In one of final acts at EPA, Pruitt updates Alaska wetlands management
In his final weeks leading the agency, former Environmental Protection Agency Administrator Scott Pruitt issued a memo reemphasizing the unique abundance of wetlands in Alaska and outlining how the EPA will manage them.
The joint memo, signed June 15 by Pruitt and Assistant Army Secretary for Civil Works R.D. James, replaces longstanding guidance in prior memos from 1992 and 1994 covering wetlands mitigation.
The U.S. Army Corps of Engineers manages Clean Water Act Section 404 wetlands fill permits under the direction of the EPA, which has ultimate say over if and how often-sensitive wetlands areas are developed.
Pruitt abruptly resigned as EPA administrator July 5.
Southeast Alaska Land Trust Executive Director Allison Gillum said she sees the memo as largely clarifying the language in Clean Water Act requirements and regulations with the recognition that wetlands management in Alaska is a much different task than it is in the Lower 48.
Gillum also attended a stakeholder meeting the EPA held in Anchorage to discuss how the guidance will be applied by the agencies going forward.
“I felt like they just wanted to remind people that there’s room in the rule for doing things (in Alaska) kind of outside how they are done in the Lower 48. I’m not really sure what’s going to come of it,” she said.
The Southeast Alaska Land Trust is an in-lieu fee wetlands mitigation sponsor. An in-lieu fee sponsor organization is certified by the Corps of Engineers to take on the responsibility of finding wetlands to preserve that will offset those damaged by a project.
The 10-page memo highlights the agencies’ mitigation sequence, describing when avoiding, minimizing or compensating for wetlands disturbances is warranted.
“Given the unique climatological and physiographic circumstances found in Alaska, it is appropriate to apply the inherent flexibility provided by the guidelines to proposed projects in Alaska. Applying this flexibility in a reasoned, commonsense approach will lead to effective decision-making and sound environmental protection in Alaska,” the memo states.
The members of Alaska’s all-Republican congressional delegation have for years stressed that more than half the state is classified as wetlands — accounting for more than 60 percent of the remaining wetlands in the entire country — and therefore the stringent requirements for wetlands protections used in the Lower 48 should not apply to Alaska.
“When the Lower 48 were being developed, they didn’t need to deal with today’s onerous regulatory restrictions. I am encouraged to see EPA and the Army Corps recognizing these issues,” Sen. Dan Sullivan said in a formal statement accompanying the memo. “I hope we can continue to work together to set up a practical regulatory structure that protects our watersheds and cleans up existing environmental problems, while allowing us to build the projects we need to build in Alaska.”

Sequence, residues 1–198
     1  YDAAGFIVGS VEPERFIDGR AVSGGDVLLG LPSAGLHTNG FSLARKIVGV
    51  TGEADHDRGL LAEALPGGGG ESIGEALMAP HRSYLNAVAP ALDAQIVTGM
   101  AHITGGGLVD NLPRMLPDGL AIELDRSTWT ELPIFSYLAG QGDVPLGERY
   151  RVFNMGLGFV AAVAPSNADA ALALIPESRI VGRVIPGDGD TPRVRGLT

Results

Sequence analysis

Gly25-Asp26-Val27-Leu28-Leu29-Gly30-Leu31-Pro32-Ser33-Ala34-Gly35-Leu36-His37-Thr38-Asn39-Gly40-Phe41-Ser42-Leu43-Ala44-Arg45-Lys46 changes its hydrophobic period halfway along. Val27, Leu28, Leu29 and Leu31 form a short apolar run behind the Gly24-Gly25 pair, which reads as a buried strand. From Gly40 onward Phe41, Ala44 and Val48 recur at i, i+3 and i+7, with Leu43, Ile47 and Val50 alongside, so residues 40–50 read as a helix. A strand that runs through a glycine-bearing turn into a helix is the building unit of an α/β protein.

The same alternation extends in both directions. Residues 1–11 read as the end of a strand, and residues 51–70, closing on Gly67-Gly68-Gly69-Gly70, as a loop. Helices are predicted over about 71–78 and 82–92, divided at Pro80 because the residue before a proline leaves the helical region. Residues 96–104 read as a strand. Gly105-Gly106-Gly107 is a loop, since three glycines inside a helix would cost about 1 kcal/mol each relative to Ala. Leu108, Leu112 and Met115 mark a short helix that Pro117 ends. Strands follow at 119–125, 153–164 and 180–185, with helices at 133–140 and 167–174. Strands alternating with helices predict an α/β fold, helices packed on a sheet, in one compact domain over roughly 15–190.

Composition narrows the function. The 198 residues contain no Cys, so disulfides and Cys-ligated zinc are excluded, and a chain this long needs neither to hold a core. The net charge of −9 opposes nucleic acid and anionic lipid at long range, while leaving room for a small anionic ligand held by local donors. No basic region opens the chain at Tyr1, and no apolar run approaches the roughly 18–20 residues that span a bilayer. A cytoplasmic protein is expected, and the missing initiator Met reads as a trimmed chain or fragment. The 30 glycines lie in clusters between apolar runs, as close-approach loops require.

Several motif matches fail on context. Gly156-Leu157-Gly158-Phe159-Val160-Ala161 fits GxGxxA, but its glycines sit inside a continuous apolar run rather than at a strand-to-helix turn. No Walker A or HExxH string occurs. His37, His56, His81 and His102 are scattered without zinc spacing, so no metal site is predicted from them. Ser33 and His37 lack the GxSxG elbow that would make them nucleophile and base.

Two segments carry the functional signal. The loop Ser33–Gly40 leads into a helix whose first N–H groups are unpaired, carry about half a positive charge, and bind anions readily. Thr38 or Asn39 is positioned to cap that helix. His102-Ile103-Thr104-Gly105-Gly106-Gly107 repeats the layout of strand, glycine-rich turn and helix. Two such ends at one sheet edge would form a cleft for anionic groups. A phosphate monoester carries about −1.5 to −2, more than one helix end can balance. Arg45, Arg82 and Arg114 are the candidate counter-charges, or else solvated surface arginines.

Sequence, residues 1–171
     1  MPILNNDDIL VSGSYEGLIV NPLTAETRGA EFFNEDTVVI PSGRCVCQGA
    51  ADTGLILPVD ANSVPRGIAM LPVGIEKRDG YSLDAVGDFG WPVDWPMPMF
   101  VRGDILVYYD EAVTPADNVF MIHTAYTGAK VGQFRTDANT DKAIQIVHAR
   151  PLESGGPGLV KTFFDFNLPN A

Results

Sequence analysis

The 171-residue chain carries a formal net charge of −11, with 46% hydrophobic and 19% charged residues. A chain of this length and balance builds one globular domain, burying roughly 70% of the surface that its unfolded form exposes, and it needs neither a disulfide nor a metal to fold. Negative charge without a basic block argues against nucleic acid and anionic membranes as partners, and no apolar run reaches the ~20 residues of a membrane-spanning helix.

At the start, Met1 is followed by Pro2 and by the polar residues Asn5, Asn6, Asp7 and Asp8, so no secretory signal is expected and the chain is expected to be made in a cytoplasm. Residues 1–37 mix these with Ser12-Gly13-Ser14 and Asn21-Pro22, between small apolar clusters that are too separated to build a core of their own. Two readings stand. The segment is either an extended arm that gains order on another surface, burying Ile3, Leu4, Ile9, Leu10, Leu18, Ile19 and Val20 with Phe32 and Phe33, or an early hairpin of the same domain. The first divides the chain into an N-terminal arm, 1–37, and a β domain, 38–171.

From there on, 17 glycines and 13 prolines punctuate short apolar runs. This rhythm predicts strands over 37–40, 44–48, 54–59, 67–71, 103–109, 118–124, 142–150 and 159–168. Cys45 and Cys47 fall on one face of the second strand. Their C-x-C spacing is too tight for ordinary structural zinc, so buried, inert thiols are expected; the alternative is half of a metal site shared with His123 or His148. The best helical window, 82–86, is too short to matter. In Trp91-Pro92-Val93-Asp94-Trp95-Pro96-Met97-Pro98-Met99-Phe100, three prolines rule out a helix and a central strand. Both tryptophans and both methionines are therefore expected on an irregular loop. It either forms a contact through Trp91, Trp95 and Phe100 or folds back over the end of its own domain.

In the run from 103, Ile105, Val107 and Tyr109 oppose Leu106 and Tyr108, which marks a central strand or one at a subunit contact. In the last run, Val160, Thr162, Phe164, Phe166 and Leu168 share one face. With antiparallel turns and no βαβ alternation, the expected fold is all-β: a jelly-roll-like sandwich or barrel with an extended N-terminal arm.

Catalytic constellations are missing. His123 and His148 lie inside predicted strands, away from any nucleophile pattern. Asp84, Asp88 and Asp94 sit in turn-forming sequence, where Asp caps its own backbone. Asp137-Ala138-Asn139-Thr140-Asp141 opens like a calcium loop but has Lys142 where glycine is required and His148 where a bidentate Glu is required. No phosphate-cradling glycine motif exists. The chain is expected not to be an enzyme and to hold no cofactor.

EPA Region 10 spokeswoman Suzanne Skadowski wrote in an emailed response to questions that the new guidance is meant to improve consistency and remove ambiguity regarding the agencies’ authority to be flexible in making decisions on when to require compensatory wetlands mitigation.
In Alaska, compensatory mitigation usually means preserving an undisturbed wetlands area to offset filled wetlands elsewhere, Gillum noted, while in the Lower 48, compensatory mitigation is often aimed at restoring previously damaged wetlands areas.
“The updated guidance ensures fair and transparent implementation of mitigation requirements across Alaska,” Skadowski wrote in response to whether or not the guidance loosens mitigation requirements in light of the Trump administration’s overarching push to ease federal regulations.
“Practicable,” a key word in determining what shall be required to meet the EPA’s mitigation standards, is defined in the memo as “available and capable of being done after taking into consideration cost, existing technology, and logistics in light of overall project purpose.”
When avoiding or compensating for development impacts to wetlands is not practicable, minimizing wetlands impacts will be the main means of complying with Clean Water Act requirements, according to the memo.
“In Alaska, minimization of impacts has been in many circumstances the only mitigation required,” the memo notes.
The memo also explains that compensatory mitigation over larger watershed scales could be appropriate for Alaska given that options to offset wetlands losses on a more localized scale are often limited.
Gillum said looking at using larger watershed scales allows for more flexibility when compensatory mitigation is required.
“Our service area is all of Southeast Alaska, so we could see an impact in Ketchikan and we could potentially offset it in the Juneau area; depending on a lot of different factors,” she said.
Additionally, it states that “applying a less rigorous permit review” for projects deemed small, with minor environmental impacts, is consistent with Clean Water Act regulations.
The guidance does not lay out quantitative thresholds for determining major versus minor impacts — that is decided on a case-by-case basis — but it outlines what should be considered in making that determination, according to Skadowski.
Gillum added that she found it interesting that the memo points out the challenges of wetlands development, specifically on the North Slope.
“I feel like it could be setting it up to defend certain decision that the EPA and the Army Corps might be making on big projects in that area but I don’t necessarily feel like the memorandum said anything completely new,” Gillum said.
Elwood Brehmer can be reached at elwood.[email protected].